was an impossibility ; and shorts rated in Benicia at $20 per hundred
pounds ; and, owing to the excessive rains of the season and the miry
condition of the trails, it was next to impossible to obtain any provisions
from Benicia, accordingly, the settlers in the upper part of the valley,
during the most of that Winter, had to rely for breadstuff on a few sacks
of shelled corn, which was, fortunately, in possession of one of their
number, and this corn was prepared by first grinding it in a rough iron
hand-mill, and, with this meagre preparation, it was mixed into bread
batter, without so much as a partial acquaintance with the time-honored
sieve. It made wholesome food, however, and the civilized plague of
dyspepsia was, to these hardy pioneers, wholly unknown. Game and the
bands of wild cattle ranging in such vast numbers in the Suscol hills,
furnished the settlers with meat, with occasionally a piece of salt pork to
flavor the savory dishes prepared by the more experienced cooks. Hunt-
ing, shooting matches, and an occasional scrub-horse race, furnished the
only amusement of the times, until female immigrants became more


plenty, when the coarser sports of the men gave place to the more civil-
ized pastime of the country dance.

The yield of the soil at this cropping was extremely good, and in one or two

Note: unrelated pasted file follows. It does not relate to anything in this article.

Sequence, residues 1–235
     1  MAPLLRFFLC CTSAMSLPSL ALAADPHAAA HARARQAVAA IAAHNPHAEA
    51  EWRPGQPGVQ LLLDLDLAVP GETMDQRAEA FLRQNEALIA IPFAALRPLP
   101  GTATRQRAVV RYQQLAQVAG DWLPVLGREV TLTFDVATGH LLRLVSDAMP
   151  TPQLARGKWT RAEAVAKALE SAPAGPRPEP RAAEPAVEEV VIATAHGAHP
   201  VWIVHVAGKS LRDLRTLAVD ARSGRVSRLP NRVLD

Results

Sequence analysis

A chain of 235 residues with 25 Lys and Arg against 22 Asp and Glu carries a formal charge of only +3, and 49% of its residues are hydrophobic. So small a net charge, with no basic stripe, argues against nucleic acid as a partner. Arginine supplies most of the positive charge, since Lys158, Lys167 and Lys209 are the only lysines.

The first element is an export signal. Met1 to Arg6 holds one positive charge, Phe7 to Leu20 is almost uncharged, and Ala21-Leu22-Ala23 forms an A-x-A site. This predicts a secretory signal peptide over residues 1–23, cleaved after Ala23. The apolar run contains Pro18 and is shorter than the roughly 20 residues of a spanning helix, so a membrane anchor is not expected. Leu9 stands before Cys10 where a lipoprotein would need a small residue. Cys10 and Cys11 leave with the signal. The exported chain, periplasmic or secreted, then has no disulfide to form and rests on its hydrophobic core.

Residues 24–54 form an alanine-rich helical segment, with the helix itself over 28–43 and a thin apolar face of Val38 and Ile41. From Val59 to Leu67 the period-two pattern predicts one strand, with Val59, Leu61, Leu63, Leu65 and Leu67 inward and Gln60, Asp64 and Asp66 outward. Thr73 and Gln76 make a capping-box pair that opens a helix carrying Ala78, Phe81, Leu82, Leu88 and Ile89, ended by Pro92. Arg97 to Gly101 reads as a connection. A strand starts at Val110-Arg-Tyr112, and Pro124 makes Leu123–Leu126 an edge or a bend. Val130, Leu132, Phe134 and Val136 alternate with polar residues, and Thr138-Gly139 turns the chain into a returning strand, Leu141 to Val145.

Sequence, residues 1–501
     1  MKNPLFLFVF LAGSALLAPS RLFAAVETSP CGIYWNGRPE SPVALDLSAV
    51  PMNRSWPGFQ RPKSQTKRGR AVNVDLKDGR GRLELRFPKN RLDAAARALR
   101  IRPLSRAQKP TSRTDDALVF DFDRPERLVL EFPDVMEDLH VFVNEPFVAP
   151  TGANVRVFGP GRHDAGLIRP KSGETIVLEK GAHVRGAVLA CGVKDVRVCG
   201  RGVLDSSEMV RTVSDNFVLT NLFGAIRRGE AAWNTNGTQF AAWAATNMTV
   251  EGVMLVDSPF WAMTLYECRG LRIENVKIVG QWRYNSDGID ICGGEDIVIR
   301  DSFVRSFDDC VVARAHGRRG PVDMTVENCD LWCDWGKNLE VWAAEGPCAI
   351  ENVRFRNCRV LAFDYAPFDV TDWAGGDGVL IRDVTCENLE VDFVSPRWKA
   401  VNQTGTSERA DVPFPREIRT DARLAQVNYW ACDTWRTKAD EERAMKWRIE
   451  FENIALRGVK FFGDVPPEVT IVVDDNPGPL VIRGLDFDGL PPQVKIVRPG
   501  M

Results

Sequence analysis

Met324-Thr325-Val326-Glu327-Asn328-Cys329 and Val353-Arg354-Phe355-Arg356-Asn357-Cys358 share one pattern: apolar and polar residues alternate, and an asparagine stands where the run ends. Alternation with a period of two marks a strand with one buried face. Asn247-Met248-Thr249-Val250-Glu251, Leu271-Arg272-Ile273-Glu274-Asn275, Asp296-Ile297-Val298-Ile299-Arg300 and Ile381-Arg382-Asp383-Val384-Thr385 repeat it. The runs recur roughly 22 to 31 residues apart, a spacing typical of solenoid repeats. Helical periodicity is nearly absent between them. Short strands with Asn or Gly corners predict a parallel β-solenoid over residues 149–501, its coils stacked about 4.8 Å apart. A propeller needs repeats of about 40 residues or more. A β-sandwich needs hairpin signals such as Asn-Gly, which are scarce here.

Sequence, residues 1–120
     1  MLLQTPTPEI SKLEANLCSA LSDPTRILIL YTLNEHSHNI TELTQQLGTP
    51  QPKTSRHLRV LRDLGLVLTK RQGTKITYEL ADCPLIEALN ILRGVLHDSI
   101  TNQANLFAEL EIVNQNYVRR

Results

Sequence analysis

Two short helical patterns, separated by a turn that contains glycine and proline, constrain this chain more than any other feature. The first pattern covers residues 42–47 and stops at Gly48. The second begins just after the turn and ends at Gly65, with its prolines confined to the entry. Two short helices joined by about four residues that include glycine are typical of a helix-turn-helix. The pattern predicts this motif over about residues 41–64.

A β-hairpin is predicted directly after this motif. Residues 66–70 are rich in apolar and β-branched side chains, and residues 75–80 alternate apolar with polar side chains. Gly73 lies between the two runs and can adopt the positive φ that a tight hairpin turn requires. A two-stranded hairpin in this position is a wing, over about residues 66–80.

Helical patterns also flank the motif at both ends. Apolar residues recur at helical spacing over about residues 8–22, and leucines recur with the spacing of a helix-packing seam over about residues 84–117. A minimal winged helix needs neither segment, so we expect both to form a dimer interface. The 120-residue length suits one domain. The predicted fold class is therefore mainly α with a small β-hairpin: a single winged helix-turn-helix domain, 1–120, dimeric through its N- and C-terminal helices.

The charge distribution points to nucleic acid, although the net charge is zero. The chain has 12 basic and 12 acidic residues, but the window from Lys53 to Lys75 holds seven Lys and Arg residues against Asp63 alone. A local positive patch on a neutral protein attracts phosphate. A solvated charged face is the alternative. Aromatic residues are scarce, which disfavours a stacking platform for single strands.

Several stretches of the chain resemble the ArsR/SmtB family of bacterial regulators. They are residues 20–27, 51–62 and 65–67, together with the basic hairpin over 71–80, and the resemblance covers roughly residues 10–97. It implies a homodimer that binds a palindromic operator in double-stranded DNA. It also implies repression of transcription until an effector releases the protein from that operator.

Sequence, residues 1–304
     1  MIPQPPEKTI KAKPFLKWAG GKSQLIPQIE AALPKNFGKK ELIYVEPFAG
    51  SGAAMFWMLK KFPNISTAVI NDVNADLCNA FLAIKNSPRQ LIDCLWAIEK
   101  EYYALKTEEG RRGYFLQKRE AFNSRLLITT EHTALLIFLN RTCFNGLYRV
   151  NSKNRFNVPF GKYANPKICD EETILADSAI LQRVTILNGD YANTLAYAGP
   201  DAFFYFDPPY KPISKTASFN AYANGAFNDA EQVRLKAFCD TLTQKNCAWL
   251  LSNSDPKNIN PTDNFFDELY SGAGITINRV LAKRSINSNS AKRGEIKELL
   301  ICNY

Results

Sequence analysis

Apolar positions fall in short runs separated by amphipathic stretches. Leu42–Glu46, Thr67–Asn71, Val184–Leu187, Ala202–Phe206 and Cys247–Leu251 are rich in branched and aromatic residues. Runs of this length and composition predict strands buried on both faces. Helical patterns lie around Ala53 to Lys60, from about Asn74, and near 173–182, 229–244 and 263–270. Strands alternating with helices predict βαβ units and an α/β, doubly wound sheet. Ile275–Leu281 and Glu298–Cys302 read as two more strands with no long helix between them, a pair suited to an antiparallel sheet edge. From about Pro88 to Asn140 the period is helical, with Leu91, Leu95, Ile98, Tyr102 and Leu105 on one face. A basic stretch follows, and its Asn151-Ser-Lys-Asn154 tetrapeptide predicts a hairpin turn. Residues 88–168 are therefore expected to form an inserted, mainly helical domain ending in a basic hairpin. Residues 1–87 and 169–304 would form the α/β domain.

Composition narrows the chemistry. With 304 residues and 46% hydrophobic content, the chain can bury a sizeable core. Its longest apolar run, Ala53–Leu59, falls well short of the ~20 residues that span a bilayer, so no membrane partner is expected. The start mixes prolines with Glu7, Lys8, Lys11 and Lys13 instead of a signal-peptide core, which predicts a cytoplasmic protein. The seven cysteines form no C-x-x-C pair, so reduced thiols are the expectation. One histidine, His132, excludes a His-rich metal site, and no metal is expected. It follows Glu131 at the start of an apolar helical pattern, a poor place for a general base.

cases as high as seventy bushels of barley per acre was realized. The
harvesting commenced about the 20th of June, and the grain was cut with
the old style cradle, and bound into sheaves, and threshed by the tramp-
ing of horses, or the services of an endless chain machine — there being one
or two of the latter brought to the valley. Nearly all of the products
of the valley of that year were sold at Sacramento, being shipped there
from the Suisun Embarcadero by sail vessel, and the barley bringing, in
that market, an average of three and one-half cents per pound.

Mr. Gillespie continued farming until the summer of 1856, excepting per-
haps a year intervening, when he went into the employment of John
Doughty, one of the first storekeepers at Cordelia, to manage that gentle-
man's business, while he was absent representing the people of the county
in the Legislature of the year 1855. On Christmas day of 1856 Mr. Gil-
lespie commenced the foundation of the first store and second building in
Silveyville, where he remained, merchandising, until the fall of 1859, when
he sold to the firm of Deck & Co., and then engaged in sheepraising. In
the spring of 1860, he was appointed Deputy County Assessor, under
Capt. E. H. Von Pfister, the then County Assessor, and remained with
him until the work of the year was finished, resigning in the month of
December. In January, 1861, he was elected Engrossing Clerk of the
State Senate, and again in 1862 was re-elected to the same position. Re-
turning to the county again, in the summer of that year, he located at
Maine Prairie, to buy wheat, as the agent of Gen. John B. Frisbie, who,

Online LibraryJ. P Munro-FraserHistory of Solano County...and histories of its cities, towns...etc. .. → online text (page 46 of 57)